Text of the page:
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Garry Shandling recalls the 'lab experiment' that was 'The Larry Sanders Show'

The influential comedy series about the travails of a talk show host is finally issued complete on DVD.

October 30, 2010|By Robert Lloyd, Los Angeles Times Television Critic

All 89 episodes of "The Larry Sanders Show," Garry Shandling's influential situation comedy about a needy talk show host and the people who need him in turn, have just become available on home video for the first time. In a world in which the entire runs of "Gomer Pyle, U.S.M.C." and "Dr. Quinn, Medicine Woman" may be purchased whole, this finally remedies a great cultural injustice.

"I was asking everybody to go beyond what was TV comedy at that time," Shandling said recently of his cast and crew. "I knew we were headed into different territory. I knew the philosophy of a creative process in which people were allowed to make mistakes and to play real moments and to risk. And that takes courage, the courage that I needed to find, and I think that everyone on the show needed to find. And that's really the bond that we have: It's that we were all in this lab experiment to find the courage just to be, not to make a 'TV series.'"

They made one anyway. "The Larry Sanders Show: The Complete Series" (Shout Factory) follows by only three years "Not Just the Best of 'The Larry Sanders Show,'" which joined 23 selected episodes to a wealth of new material, largely produced by and featuring Shandling himself — an unusual set of barely edited encounters with some of the show's guest stars, including Carol Burnett, Sharon Stone, Tom Petty, Jerry Seinfeld and Alec Baldwin, described as "intimate, personal, indulgent visits with my friends that are meant for only me to see" and underlining what he called at the time the set's theme of "a search for authenticity in life."

Those encounters are included in "The Complete Series," along with some newly added outtakes, Shandling's visit to former L.A. Times TV critic Howard Rosenberg's USC film school class, and a brief video preamble that addresses the confusion of overlapping collections. Still, though the new set incorporates the previous one, it does not exactly replace it: That was an intentional work, with a certain structural integrity, down to the onscreen menus written in Shandling's own hand. (One option: "I don't really want to watch this DVD. I'd rather spend my time talking to a human being.") This is just a wonderful big box of everything.

"Larry Sanders" followed Shandling's fourth-wall-breaking metacomedy, "It's Garry Shandling's Show," but where the earlier series "looked outward" toward the audience, "Larry Sanders" reflected an interest in "looking internally at myself, which meant taking a show and looking at it internally. And what better show to do that with than a talk show, which pretends to be a normal conversation, half-acknowledging that people are watching and half-pretending that the host and the guest have a certain intimacy, which really revolves around plugging product."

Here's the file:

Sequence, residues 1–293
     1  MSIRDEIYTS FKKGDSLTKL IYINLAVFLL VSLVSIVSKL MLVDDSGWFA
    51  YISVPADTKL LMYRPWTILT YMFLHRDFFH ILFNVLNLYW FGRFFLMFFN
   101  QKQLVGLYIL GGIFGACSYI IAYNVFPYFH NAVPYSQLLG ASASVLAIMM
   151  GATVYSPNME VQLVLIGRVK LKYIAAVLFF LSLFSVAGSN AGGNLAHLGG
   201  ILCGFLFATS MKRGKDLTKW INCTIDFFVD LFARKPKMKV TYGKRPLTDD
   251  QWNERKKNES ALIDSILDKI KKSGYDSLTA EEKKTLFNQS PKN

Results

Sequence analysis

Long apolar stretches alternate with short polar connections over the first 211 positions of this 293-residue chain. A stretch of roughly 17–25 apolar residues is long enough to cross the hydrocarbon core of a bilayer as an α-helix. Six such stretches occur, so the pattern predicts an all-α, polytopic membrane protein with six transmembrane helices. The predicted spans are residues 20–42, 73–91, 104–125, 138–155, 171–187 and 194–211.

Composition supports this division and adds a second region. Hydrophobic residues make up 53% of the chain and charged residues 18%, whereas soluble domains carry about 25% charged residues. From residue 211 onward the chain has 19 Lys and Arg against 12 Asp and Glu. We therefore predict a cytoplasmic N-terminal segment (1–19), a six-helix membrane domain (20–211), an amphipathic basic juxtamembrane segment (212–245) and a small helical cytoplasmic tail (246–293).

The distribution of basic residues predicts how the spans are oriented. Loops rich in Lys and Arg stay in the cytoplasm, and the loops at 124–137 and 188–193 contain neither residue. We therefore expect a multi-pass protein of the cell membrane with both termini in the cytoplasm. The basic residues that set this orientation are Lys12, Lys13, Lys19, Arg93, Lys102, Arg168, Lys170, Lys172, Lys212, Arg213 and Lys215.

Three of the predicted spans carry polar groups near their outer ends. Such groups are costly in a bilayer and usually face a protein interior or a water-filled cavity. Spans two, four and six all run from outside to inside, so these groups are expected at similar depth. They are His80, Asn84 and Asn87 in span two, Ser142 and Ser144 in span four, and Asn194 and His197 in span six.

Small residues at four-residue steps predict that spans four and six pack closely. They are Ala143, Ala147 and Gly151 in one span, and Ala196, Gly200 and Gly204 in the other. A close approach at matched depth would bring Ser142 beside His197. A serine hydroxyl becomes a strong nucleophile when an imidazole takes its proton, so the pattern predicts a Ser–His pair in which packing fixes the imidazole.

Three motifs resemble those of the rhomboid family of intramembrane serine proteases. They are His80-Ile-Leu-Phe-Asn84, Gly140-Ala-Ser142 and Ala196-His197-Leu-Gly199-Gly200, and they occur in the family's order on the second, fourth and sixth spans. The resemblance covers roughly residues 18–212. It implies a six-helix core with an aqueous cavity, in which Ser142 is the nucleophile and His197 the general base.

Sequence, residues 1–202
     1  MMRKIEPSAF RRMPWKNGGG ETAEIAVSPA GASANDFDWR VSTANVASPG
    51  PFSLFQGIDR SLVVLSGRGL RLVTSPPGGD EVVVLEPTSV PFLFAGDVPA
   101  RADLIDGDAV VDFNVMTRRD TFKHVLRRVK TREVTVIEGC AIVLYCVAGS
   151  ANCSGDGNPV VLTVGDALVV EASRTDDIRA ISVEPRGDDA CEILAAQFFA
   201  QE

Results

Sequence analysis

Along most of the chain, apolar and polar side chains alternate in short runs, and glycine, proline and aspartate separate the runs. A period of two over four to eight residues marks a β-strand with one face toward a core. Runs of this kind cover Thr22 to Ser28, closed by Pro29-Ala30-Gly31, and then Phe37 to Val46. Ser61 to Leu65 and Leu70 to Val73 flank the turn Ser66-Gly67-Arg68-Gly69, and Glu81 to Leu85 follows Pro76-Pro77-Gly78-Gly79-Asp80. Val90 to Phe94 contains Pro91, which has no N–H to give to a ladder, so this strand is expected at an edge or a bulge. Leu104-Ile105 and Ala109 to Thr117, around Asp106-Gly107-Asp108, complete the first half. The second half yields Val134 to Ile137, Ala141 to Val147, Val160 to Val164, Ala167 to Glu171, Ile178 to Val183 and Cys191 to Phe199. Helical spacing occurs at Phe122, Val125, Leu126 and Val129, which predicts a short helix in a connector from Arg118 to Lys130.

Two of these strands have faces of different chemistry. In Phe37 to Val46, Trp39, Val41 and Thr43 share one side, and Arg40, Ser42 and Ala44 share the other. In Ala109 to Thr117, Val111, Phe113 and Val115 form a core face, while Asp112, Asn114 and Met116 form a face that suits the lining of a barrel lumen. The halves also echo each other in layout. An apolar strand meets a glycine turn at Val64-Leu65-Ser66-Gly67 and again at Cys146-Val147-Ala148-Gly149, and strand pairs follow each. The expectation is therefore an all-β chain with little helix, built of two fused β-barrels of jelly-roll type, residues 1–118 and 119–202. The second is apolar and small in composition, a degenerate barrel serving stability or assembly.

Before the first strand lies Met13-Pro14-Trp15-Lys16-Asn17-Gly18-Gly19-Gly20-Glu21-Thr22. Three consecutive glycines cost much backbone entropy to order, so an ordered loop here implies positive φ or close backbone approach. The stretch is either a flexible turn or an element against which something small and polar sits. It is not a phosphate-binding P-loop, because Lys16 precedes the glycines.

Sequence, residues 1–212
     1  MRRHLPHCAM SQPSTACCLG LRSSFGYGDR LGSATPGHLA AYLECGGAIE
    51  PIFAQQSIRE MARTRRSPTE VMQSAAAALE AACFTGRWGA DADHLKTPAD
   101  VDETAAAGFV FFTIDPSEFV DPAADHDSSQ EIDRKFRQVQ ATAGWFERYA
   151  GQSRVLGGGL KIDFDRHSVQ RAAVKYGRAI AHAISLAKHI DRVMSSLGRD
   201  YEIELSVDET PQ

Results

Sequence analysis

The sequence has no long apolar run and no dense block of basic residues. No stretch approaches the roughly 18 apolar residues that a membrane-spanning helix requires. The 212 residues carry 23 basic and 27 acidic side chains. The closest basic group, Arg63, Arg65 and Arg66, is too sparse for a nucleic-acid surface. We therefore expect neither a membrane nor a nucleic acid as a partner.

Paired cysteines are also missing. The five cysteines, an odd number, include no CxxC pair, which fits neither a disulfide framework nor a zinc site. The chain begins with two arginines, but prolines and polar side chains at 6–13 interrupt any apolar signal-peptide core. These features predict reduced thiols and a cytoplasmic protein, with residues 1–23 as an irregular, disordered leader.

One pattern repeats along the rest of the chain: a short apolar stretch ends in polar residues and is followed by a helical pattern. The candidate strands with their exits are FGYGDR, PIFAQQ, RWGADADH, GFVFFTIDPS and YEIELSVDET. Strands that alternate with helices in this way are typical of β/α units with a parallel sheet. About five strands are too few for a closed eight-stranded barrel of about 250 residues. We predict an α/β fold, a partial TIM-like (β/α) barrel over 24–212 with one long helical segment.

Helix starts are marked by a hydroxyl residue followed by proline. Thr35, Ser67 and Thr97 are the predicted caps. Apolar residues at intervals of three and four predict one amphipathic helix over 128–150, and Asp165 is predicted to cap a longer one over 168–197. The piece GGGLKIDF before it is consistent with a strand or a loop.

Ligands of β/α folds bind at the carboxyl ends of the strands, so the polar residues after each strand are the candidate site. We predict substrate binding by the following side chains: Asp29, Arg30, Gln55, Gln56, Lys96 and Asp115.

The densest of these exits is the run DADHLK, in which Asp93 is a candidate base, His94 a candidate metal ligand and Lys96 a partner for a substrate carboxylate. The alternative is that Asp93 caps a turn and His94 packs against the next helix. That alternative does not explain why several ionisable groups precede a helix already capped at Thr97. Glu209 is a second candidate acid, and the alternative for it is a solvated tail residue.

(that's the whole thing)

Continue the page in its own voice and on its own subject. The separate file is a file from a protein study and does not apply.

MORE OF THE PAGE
Shot half on video and half on film to delineate the talk show from the action backstage, the series played in the space where those realities ambiguously abutted. (Larry, says his all-knowing producer, Arthur, is like a mythical beast, "half-man, half-desk.") The curtain from which Larry emerged to deliver his monologue "was a metaphor for how we want to be perceived by the public and how we really are," Shandling said. "Everybody has a curtain."

Its cast included Jeremy Piven, Janeane Garofalo, Penny Johnson, Wallace Langham, Scott Thompson and Mary Lynn Rajskub and costarred Jeffrey Tambor as Larry's even needier TV sidekick, Hank Kingsley, and the magisterial Rip Torn as Arthur. Behind the cameras were frequent director Todd Holland ("Wonderfalls") and writer-producers Peter Tolan, who went on to co-create "Rescue Me," and Judd Apatow, who went on to become Judd Apatow.

Apatow, who first directed on "Sanders," recalled, "They would shoot the entire show in two days. It was a ridiculously hard schedule — they'd be shooting a new scene every hour, with three cameras rolling at a time, sometimes one cameraman on roller blades." (It was their budget version of a Steadicam.) He carried what he learned there to his next TV series, "Freaks and Geeks," where, he said, "I would trick myself into thinking I was still writing for 'The Larry Sanders Show,' except it was happening in high school, and it would have the same level of truth and humor and drama."

"I was very committed to the show sticking to its authentic original idea," Shandling said. "I let 'It's Garry Shandling's Show' slip around a bit until it lost its original intent and we never learned any more about the characters in any real way. So it was a daily inspection of the process to make sure that it was honest and authentic and being born anew as much as it could be each week."

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